SCORE: Banks aren't only source for funding of start-ups
Answer: After several years of financial market upheaval, banks are once again making loans to viable small business proposals. But as Chicago-based author and consultant Carol Roth notes, they are determined not to repeat past mistakes.
"The fallout from the lax lending decisions of several years ago has led them to focus on the creditworthiness of the business and the entrepreneur," Roth says. "You want to show that you really have a viable way to generate a return on the investment so that you can pay back the interest and principal on the debt."
While banks remain a primary small-business funding option, entrepreneurs should consider some alternative sources of start-up or expansion capital.
Loans from friends and family members have long been a go-to source of funds. If the financing arrangement isn't well structured, however, both business and personal relationships may be permanently ruined. That's why everyone should be clear on the financing structure and the risks involved, whether the deal is a simple loan or involves an ownership stake and repayment terms.
A similar approach called "crowdfunding" is growing in popularity, according to Roth. Here, the entrepreneur solicits money from customers or fans. "However, there are some legal implications if you do that in a traditional capital-raising structure," she warns, making prior consultation with an attorney a must.
Business planning and new venture development expert Dave Lavinsky is a big fan of individual "angel" investors. "Like a bank, they want to a return on investment, but with their own money," he says, adding that their decision to support a venture may be driven by a desire to be part of a "cool" new business. "They may also invest because they like the entrepreneur, and want to see him or her succeed."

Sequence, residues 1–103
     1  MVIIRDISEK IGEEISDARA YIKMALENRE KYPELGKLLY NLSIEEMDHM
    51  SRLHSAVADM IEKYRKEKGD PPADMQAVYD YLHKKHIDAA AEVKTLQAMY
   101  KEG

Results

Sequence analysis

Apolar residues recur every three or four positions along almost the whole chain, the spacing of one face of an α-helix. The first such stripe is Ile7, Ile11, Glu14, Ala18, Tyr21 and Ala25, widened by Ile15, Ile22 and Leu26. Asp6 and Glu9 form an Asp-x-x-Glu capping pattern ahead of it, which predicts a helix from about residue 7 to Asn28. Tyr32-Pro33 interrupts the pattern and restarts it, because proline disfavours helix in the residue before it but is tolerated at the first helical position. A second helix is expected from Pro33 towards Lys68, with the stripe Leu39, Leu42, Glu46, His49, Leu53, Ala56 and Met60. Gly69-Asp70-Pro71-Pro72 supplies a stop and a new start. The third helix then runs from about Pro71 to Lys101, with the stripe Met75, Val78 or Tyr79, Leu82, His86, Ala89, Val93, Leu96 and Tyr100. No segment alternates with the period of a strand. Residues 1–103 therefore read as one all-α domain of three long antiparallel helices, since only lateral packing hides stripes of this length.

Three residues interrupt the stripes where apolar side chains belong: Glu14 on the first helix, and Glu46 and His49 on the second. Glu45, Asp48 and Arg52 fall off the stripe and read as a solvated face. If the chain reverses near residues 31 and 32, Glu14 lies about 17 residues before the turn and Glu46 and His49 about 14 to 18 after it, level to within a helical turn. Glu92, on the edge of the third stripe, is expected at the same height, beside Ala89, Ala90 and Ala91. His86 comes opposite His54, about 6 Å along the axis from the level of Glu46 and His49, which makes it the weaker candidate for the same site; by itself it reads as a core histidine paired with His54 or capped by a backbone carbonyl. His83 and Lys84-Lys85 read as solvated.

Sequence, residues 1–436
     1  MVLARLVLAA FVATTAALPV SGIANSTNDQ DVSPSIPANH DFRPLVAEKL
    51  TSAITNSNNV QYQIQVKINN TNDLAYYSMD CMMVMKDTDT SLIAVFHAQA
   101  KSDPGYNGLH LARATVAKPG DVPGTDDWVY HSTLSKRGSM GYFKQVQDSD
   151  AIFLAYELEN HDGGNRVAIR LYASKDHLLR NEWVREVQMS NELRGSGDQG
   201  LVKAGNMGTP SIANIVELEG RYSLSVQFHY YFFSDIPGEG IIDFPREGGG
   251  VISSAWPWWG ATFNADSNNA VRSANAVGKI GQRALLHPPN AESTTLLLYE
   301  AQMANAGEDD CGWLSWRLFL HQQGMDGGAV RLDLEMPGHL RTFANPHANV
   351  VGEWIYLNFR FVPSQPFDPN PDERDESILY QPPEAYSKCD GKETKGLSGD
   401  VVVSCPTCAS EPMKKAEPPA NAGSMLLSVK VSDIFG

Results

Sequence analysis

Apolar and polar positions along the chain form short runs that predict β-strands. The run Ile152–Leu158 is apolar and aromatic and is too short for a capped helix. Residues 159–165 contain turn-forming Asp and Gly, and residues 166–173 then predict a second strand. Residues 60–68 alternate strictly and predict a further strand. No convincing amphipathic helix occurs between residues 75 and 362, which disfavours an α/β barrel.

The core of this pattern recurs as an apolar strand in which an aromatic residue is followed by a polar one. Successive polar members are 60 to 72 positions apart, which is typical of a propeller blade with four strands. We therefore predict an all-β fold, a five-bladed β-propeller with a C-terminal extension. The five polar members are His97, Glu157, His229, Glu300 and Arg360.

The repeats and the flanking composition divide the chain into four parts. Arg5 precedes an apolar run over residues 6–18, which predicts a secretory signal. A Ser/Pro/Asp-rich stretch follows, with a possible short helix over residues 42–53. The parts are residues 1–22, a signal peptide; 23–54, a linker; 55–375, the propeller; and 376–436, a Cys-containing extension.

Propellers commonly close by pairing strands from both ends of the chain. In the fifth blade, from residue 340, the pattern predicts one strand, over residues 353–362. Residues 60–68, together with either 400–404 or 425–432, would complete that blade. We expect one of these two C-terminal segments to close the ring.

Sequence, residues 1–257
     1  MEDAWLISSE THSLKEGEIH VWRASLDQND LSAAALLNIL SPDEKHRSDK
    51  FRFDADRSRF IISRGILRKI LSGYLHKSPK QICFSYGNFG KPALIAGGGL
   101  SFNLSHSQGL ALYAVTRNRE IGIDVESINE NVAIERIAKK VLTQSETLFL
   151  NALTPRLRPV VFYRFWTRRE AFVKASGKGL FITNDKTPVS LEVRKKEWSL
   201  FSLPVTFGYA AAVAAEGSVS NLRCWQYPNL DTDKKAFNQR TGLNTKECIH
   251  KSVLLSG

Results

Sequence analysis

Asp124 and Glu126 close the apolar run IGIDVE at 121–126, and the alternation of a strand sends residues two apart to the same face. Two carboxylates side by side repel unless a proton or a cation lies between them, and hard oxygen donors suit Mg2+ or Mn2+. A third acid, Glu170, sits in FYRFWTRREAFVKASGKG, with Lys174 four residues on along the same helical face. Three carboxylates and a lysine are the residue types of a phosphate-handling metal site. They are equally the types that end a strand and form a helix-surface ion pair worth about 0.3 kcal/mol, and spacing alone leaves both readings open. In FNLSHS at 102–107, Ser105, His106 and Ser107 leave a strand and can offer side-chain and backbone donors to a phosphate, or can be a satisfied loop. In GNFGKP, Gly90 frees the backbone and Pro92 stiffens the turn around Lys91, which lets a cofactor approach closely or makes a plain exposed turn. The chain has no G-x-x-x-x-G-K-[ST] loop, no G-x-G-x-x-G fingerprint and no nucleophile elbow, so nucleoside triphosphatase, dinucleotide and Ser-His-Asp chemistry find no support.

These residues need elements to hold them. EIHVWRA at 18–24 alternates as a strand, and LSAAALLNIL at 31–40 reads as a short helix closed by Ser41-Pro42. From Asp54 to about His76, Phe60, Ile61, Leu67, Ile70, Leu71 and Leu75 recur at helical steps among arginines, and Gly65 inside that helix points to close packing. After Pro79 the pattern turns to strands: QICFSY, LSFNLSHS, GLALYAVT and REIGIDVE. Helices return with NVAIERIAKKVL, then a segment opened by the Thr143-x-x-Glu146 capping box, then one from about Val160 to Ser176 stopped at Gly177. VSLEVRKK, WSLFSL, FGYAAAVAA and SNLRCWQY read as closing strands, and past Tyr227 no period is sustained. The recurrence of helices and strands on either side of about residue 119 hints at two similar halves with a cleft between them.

Depending on one's location, state and local economic development agencies can provide workspace, training and administrative support; reduced rates on existing office or production space; and tax incentives. The SBA's "microloan" program is also a good source for short-term working capital.
Then there's you, the entrepreneur. Although self-financing options may give you more control and flexibility over your start-up capital, take extra care to ensure they are used wisely. Before you dip into your savings or tap the equity in your house, map out a realistic plan to meet existing obligations and daily living expenses, and consider the effect of "worst case" scenarios (e.g., loss of spouse's job, major car repairs and serious health issues).
Regardless of the type of financing strategy you choose, evaluate the pros and cons on taking the investment and decide if the rewards greatly outweigh the risks.
This column is brought to you by the Merrimack Valley Chapter of SCORE, with nearly 70 current and former business executives available to provide free, confidential, one-on-one business mentoring and training workshops for area businesses. Call 666-7561 or visit merrimackvalley.score.org for information on mentoring, upcoming workshops and volunteer opportunities. SCORE is a national, nonprofit organization and a resource partner of the U. S. Small Business Administration.
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